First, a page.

I work to foster accountability and transparency in the public and private sectors.  This includes  efforts to advance reforms to the nation’s pension laws aimed at preventing bad actors from promising more than they could deliver (remember the Enron scandal); strengthen consumer-friendly comparison tools for family members searching for a quality nursing home; and, let the sun shine in on the financial relationships between medical device makers, pharmaceutical companies, medical professionals and non-profits.

The federal government’s system of checks and balances is meant to prevent overreach by the executive, legislative and judicial branches.  That’s why I am a strong supporter of sunshine and whistleblower protection laws.  Representing Iowans in Washington, I also have worked to keep close tabs on taxpayer dollars.  Taxpayers deserve to get the most bang for their buck when their hard-earned money is used to build roads, advance medical research, strengthen national security, pay for the military and fund recovery efforts caused by natural disasters.

Transparency also can improve America’s health care delivery system. Policymakers have long debated ways to improve quality and rein in the so-called spending curve of U.S. medicine.  On the Senate Finance Committee, I also channel efforts to improve effective medicine and patient safety by promoting better transparency between patients, health care providers, pharmaceutical companies and medical device manufacturers.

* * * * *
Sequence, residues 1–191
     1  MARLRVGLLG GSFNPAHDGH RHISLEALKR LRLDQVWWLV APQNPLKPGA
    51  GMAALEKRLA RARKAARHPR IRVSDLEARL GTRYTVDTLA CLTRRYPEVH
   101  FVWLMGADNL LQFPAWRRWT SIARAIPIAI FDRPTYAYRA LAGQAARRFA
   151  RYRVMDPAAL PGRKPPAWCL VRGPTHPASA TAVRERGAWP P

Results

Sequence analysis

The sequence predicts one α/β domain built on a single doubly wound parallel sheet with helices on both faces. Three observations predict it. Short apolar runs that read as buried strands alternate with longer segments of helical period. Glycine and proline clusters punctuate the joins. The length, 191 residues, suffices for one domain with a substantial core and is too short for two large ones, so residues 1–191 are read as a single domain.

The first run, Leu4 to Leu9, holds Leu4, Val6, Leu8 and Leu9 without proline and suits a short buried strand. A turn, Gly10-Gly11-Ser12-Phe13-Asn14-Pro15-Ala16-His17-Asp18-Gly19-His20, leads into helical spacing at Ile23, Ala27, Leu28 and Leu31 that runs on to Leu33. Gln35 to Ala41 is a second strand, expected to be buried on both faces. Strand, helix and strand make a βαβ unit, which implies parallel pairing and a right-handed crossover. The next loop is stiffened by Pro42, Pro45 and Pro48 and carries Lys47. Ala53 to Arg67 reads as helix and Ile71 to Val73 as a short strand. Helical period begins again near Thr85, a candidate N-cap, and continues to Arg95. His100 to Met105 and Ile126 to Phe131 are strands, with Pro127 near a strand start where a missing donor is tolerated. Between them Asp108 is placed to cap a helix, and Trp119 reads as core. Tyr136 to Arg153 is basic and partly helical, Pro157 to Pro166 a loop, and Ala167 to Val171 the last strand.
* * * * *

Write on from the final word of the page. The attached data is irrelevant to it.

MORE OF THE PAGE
I have pressed the National Institutes of Health (NIH) to fully exercise its authority to achieve public disclosure between industry and the doctors who conduct $31.2 billion annually in federally sponsored medical research.  In response to what I exposed about the dramatic disparity between what a number of influential NIH-funded research physicians reported and what they received from pharmaceutical companies, the NIH drafted new guidelines for grant recipients to manage conflicts of interest.  A proposal has been waiting to be processed at the White House Office of Management and Budget since March.  The administration needs to move on this.  The NIH is in a pivotal position to help establish greater accountability in this area through disclosure.  Good stewardship of the tax dollars that back medical research requires it.

In addition, keeping consumers or medical providers in the dark about those with financial ties to medical device makers, as an example, does not help build trust or improve patient outcomes.